Rocket-Lab co-founder Mark Rocket has launched a new aerospace business aimed at offering more affordable aerial imaging than satellites and is seeking $3 million to make it happen.

His new company, Kea Aerospace, wants to build a solar-powered unmanned aircraft which will fly continuously for months at a time, capturing high-resolution aerial imagery.

The aircraft will stay within Earth’s atmosphere, flying 20 km above the ground in the low stratosphere, but can provide the type of large-scale imaging currently only achievable through satellites or manned aircraft.

The Kea Atmos is intended to capture higher quality data at a more affordable price, which could be used for things such as managing pollution in waterways, enhancing precision agriculture, or assessing forests for tree health and fire risk.

For example, Tauranga-based Hancock Forest Management said having higher resolution and more frequent images would help find and replant dead saplings faster.

Pilot project

Rocket said they have been testing a small-scale version of the aircraft and aim to start building the full-sized craft in 2021.

But first the company is aiming to raise $3 million to continue funding the operation, with the project so far funded by Rocket himself, who changed his name by deed poll years ago due to his enthusiasm for space-based projects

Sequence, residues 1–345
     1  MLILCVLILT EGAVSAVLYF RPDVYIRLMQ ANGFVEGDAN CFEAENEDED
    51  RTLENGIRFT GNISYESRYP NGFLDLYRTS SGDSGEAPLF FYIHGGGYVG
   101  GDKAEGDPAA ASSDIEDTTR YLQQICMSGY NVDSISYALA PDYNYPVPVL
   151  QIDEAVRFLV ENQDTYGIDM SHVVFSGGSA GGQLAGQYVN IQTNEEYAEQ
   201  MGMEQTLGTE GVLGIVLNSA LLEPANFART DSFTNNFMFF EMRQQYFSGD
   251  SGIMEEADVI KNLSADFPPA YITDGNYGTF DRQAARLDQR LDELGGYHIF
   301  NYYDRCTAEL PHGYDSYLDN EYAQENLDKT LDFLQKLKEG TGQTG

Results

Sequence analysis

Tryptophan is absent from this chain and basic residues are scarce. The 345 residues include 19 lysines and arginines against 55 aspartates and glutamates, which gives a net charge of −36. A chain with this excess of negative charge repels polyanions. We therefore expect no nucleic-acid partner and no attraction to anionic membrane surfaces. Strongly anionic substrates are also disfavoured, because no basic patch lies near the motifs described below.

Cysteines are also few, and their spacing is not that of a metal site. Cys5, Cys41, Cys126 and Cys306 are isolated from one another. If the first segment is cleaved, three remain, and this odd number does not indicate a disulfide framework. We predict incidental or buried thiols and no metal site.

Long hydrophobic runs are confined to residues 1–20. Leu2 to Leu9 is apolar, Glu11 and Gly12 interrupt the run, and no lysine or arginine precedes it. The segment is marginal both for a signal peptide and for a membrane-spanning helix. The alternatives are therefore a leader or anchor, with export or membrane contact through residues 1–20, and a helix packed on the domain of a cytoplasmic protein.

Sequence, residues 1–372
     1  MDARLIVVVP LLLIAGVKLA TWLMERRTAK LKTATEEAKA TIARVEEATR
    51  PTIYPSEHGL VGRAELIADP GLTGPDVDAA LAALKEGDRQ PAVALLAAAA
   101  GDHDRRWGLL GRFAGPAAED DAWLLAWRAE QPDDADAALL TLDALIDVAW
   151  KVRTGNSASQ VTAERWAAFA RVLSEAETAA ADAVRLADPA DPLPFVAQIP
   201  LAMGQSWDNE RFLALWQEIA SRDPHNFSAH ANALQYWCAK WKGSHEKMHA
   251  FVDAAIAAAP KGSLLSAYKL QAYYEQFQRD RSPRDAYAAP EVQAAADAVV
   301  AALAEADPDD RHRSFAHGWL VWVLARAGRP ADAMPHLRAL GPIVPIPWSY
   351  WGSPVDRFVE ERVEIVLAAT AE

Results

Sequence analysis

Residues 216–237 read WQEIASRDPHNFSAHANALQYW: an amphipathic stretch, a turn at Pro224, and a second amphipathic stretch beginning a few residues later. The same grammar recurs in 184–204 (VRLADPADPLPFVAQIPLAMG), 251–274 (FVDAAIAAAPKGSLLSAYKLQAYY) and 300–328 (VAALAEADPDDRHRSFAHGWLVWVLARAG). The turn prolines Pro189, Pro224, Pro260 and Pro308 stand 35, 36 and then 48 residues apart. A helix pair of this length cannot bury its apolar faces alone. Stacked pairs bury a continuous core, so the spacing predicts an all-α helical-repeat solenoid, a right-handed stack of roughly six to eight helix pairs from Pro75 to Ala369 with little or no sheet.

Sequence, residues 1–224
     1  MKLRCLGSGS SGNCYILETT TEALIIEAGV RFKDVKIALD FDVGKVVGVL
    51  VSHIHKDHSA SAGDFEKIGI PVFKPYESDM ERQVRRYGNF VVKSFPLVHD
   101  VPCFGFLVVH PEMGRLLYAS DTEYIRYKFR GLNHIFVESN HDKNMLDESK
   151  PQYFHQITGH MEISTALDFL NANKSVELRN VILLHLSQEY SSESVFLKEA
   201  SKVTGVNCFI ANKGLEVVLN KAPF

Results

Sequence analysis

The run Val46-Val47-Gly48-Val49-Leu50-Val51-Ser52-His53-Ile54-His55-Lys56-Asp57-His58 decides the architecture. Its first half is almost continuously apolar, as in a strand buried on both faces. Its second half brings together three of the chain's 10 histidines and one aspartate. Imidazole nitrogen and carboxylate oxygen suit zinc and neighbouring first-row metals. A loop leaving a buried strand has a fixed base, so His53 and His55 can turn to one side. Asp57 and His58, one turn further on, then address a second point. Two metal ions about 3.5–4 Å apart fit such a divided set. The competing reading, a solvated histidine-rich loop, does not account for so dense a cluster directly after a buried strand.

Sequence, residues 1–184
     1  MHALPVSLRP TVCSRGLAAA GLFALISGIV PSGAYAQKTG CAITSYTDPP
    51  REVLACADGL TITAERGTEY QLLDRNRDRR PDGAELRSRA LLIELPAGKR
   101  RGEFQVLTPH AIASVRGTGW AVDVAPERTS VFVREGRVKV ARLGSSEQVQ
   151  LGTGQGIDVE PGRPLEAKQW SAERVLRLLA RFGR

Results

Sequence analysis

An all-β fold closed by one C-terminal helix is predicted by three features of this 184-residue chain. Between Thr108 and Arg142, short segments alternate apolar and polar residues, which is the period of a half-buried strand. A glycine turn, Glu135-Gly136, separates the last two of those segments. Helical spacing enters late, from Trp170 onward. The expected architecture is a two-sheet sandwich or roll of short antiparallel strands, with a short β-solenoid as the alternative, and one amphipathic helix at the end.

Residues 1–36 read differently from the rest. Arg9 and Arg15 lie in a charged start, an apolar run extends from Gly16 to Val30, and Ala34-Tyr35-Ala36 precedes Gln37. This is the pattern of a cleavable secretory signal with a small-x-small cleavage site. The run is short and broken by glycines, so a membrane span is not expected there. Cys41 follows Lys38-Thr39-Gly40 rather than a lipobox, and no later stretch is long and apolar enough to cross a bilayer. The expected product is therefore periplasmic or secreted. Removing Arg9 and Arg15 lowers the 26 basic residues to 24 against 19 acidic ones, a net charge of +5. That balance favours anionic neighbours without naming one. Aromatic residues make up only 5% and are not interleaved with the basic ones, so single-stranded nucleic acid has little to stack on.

Rocket said it had become a lot easier to find people to invest in aerospace projects compared to when Rocket Lab was starting commercial operations in 2007.

“Back in those early days it was really hard going to get people to understand the commercial opportunity and now we have a vibrant aerospace community,” he said.

The new project doesn’t put Rocket in direct competition with his former venture Rocket Lab - which is primarily a launch service provider - but it would offer an alternative way to get aerial imaging without having to pay to have a satellite blasted into space.

“It is very expensive to get high resolution satellite images, we don’t have all of the launch costs, development costs and operational costs of a space launch,” Rocket said. “It is much more cost effective, and just a much easier hurdle, to put a camera at 20km altitude than at 400kms.”